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If you currently own an interest in a corporation, limited liability company, or similar entity, OR if you plan to create and/or organize such an entity in the future, OR if you acquire ownership in such an entity in the future, this expansive legislation applies to you.
The Corporate Transparency Act (CTA) was passed on January 1, 2021, as part of new anti-money laundering legislation included in the federal National Defense Authorization Act (NDAA). Through the CTA, Congress directed the United States Treasury Department’s Financial Crimes Enforcement Network (FinCEN) to establish and maintain a national registry of beneficial owners of entities that are deemed “reporting companies.”
The stated purpose of this new legislation is to prevent individuals from concealing their ownership of business entities through the use of shell companies, including to facilitate illicit activities, such as money laundering, financing terrorism, human and drug trafficking, and securities fraud. However, the CTA’s reach will impact just about every single owner of a business.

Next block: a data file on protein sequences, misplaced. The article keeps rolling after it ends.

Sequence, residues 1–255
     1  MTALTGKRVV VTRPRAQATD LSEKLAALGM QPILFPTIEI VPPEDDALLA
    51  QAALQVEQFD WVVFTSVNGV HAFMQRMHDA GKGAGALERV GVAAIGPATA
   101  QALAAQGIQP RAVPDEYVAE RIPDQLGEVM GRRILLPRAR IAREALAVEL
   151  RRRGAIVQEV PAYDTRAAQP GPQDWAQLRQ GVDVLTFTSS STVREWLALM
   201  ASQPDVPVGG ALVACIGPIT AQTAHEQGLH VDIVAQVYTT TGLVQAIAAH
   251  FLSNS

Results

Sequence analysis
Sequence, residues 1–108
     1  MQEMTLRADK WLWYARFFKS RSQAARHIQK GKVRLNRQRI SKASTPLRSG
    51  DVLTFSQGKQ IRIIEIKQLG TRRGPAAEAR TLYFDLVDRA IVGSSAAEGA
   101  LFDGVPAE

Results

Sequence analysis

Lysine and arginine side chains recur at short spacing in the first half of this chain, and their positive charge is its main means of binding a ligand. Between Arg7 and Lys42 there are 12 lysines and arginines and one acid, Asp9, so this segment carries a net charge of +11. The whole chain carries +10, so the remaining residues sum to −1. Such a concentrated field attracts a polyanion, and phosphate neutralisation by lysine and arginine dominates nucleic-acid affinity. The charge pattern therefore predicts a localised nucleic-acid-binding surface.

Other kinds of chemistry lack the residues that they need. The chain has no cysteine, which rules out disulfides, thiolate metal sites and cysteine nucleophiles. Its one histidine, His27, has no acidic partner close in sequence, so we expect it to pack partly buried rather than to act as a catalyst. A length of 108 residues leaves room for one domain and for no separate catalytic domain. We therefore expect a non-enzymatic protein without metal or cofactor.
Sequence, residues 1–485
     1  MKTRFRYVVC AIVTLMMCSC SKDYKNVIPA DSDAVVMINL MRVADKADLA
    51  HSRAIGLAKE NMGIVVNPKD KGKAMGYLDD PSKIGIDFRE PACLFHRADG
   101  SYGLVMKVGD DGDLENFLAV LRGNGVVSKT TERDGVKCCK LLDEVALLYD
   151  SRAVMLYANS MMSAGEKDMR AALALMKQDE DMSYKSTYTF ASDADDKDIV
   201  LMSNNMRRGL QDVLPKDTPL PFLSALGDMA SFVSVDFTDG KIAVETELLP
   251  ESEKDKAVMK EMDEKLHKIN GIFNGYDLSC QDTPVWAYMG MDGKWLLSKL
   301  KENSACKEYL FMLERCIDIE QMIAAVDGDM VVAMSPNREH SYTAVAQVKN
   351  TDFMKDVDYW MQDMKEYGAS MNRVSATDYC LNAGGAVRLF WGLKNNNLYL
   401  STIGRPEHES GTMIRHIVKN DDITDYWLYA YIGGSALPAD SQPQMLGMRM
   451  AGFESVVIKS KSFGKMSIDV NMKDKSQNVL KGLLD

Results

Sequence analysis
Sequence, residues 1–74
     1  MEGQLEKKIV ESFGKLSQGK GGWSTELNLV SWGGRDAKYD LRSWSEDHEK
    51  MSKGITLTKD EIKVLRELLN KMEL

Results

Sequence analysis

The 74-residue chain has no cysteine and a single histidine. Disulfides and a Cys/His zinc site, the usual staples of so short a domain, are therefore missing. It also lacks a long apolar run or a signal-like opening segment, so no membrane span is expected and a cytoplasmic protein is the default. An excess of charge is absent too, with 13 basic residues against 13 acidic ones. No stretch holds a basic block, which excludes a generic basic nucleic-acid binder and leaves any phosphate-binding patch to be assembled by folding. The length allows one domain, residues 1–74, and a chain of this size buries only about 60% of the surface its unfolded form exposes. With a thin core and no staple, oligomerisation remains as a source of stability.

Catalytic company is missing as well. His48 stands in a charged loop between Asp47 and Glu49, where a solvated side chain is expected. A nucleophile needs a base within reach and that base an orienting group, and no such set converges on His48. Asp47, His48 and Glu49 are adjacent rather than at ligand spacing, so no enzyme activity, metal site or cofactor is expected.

The CTA requires “reporting companies” to file a report with FinCEN containing personal identifying information about the company’s beneficial owners and applicants.
What is a Reporting Company?
The CTA broadly defines a reporting company as any corporation, limited liability company, or other similar entity created by filing a document with the secretary of state or similar office in any state or territory or with a federally recognized Indian Tribe, or formed under the laws of a foreign country and registered to do business in the United States.
In addition to corporations and LLCs, it is expected that the definition of reporting company will include limited liability partnerships, limited liability limited partnerships, business trusts, and most limited partnerships.
The CTA provides 23 exemptions from reporting to FinCEN, including publicly traded companies, investment vehicles operated by investment advisors, nonprofits, government entities, and other entities in heavily regulated industries, such as insurance and banking.
Importantly, there is also an exception for entities that (1) employ more than twenty employees; (2) filed in the previous year a tax return demonstrating more than $5 million in gross receipts or sales; and (3) have an operating presence at a physical office within the United States.
Entities that are subsidiaries of such excluded companies are also exempt from the CTA’s reporting requirements.